Good Shepherd Lutheran Church


The Shepherd's Staff

IPAs and Jazz

Posted by Ted Moeller on

  India Pale Ales (IPAs) and jazz music are two things I like—but not as much as I’d like to like. More of an aspirational fancy than a passion. For one, I’m not very knowledgeable about either. So just saying, “I like this one,” or “That one didn’t do it for me,” without being able to explain why seems unsophisticated. Even more problematic, however, is the extremely broad range of what falls into either category. Both defy uniformity. I might find one IPA delicious, while another bitter enough to suck the saliva out of my mouth, or be laced with some fruit no one should ever mix with beer. Jazz is the same way. I’ll hear a number that is haunting and evocative, but is then followed by another that puts my teeth at edge. with a sax honking like a goose That’s why I hesitate to say I enjoy IPAs and jazz; there is simply too much variance.

   Which makes them a lot like people. And, I would go further and say people of another race. If there is a vast disparity within IPAs and jazz, how much more between individual people. I wholeheartedly agree with all those signs that read: “Black Lives Matter.” Because they do. But to use “ALL Lives Matter” as a counterpoint is wrong. Both are true; but in both cases, we are talking about an extremely wide and diverse category (as “all” tends to be). We should concentrate less on the colors of those lives and more on what we mean by “matters.”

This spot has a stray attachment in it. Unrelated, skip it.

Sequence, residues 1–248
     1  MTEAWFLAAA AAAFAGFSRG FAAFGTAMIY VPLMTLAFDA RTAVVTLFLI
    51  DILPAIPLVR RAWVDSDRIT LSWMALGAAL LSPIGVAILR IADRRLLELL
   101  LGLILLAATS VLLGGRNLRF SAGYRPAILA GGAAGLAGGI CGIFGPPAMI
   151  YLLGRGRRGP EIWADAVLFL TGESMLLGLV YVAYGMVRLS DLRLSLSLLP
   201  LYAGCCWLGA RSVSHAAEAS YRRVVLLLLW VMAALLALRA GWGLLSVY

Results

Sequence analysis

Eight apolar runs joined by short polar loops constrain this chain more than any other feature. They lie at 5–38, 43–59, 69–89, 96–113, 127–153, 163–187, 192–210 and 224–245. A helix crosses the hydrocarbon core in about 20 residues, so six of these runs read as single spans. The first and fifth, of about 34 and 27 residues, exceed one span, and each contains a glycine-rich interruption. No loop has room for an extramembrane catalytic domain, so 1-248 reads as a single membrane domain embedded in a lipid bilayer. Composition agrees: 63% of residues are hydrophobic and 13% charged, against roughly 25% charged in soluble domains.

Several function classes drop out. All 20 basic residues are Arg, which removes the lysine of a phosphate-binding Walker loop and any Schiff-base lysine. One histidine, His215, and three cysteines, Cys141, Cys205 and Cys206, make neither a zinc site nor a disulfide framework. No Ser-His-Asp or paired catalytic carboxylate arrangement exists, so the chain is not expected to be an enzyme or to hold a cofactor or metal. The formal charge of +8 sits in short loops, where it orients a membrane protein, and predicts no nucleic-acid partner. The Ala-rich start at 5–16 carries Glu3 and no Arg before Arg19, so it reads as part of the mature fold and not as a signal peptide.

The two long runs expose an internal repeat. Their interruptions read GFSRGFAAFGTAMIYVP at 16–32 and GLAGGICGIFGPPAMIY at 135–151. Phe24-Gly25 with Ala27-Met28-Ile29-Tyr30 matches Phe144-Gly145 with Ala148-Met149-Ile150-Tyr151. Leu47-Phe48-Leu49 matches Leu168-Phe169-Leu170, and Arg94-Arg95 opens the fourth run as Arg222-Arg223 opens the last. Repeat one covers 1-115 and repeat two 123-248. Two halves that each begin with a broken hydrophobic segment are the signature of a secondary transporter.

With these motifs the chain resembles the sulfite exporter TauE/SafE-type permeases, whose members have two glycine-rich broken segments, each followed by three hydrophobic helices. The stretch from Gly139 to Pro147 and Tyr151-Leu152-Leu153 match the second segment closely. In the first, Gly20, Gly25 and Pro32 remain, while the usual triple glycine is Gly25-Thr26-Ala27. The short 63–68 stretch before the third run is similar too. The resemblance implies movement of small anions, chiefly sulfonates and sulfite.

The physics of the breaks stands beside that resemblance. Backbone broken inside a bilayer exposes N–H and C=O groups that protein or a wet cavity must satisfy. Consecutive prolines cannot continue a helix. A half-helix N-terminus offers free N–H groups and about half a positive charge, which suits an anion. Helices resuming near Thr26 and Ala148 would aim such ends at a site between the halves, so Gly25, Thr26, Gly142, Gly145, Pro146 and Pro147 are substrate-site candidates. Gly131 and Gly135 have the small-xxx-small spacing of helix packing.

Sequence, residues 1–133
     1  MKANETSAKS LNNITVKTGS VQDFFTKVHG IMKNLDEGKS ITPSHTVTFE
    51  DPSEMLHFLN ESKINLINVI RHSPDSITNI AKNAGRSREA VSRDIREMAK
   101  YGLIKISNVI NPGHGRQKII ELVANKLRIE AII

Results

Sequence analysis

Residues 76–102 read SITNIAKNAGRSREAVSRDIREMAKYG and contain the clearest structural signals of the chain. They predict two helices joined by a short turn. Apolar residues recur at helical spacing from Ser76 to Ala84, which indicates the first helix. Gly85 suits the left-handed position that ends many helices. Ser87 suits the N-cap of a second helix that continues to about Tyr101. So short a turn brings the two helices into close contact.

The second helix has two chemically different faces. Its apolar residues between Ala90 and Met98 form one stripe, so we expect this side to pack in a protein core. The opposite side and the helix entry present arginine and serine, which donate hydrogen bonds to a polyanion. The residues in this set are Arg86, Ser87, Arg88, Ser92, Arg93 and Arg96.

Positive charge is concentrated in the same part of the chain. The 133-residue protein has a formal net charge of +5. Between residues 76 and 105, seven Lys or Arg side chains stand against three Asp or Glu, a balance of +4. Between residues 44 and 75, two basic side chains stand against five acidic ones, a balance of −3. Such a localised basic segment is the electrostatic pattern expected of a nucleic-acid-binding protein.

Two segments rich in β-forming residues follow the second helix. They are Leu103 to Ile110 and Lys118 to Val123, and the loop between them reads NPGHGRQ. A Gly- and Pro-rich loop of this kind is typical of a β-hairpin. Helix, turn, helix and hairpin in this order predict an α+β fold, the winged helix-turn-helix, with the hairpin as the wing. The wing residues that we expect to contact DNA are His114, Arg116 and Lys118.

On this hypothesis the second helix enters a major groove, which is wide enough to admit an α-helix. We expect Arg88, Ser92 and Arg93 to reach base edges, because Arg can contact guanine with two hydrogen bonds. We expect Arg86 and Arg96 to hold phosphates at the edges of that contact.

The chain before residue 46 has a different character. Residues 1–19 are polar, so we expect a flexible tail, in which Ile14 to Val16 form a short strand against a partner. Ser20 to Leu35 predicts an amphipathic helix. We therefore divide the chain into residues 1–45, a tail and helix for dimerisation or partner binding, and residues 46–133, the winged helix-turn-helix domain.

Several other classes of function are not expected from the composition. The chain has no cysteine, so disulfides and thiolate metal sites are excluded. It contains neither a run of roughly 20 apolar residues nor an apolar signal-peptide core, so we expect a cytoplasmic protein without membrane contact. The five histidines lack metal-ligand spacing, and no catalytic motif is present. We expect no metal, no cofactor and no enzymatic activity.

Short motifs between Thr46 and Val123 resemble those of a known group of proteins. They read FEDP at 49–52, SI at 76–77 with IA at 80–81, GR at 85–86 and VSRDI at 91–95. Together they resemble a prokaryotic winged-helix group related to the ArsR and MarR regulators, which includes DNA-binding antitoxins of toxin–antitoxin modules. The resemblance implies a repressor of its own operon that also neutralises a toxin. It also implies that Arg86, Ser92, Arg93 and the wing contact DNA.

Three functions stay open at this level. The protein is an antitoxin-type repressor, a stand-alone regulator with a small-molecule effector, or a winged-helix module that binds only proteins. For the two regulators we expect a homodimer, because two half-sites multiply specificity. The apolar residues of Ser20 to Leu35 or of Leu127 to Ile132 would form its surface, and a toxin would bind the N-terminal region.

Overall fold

What makes anything matter? Familiarity. Getting beyond and beneath the generalizations and stereotypes and becoming knowledgeable. Lives that truly matter are lives of people we know. A Washington Post study found that 80% of white people in America do not have a person of color as friend. The number of Black people with white friends is higher, but only slightly. We need to diversity our friendships. That’s the way to end racism: putting names and faces and encounters to those lives. Then they will matter.

   Last April, a young lady I know shared her experience of her first protest march. She said she participated in hopes of undoing years of social injustice against Black people. But what she got out of it was three hours of walking side by side with two sisters from Hood River. “I don’t remember spending that much time with or bonding that well with any white people before.” She said her “Protest” wound up being more an “Acceptance.” At the end of the day it was not so much what she was against, but what she was for.

   For me, moving from general to specific with IPAs and jazz is easy. Rather than saying “Yes or No” to all IPAs, I sampled quite a few to find those I enjoy (like Deschutes’ Inversion).  Instead of a blanket judgment on jazz music, I began listening to KMHD 89.1 FM, Portland’s jazz station, and discovered that for every honking goose there’s a saxophone riff smooth enough to be “butterscotch to the ear.” With racism, it’s more complicated and challenging, but has the chance to be much more rewarding. Loving your neighbors as yourself means getting to know those neighbors. Start by saying, “Hi.” Cross the street. Make the phrase, “Don’t be a stranger,” your own personal challenge. Work your way up to making friends. That’s how to make more lives truly matter.